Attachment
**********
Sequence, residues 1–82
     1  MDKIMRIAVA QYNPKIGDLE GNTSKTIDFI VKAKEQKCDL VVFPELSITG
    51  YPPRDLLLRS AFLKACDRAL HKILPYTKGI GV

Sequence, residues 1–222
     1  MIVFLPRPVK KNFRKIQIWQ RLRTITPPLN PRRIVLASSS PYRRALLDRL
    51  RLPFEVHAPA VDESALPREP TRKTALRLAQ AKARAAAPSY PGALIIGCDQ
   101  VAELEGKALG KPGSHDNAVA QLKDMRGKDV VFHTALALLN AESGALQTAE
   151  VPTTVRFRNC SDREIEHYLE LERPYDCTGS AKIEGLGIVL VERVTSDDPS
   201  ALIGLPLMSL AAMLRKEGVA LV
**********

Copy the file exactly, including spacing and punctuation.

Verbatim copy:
Sequence, residues 1–82
     1  MDKIMRIAVA QYNPKIGDLE GNTSKTIDFI VKAKEQKCDL VVFPELSITG
    51  YPPRDLLLRS AFLKACDRAL HKILPYTKGI GV

Sequence, residues 1–222
     1  MIVFLPRPVK KNFRKIQIWQ RLRTITPPLN PRRIVLASSS PYRRALLDRL
    51  RLPFEVHAPA VDESALPREP TRKTALRLAQ AKARAAAPSY PGALIIGCDQ
   101  VAELEGKALG KPGSHDNAVA QLKDMRGKDV VFHTALALLN AESGALQTAE
   151  VPTTVRFRNC SDREIEHYLE LERPYDCTGS AKIEGLGIVL VERVTSDDPS
   201  ALIGLPLMSL AAMLRKEGVA LV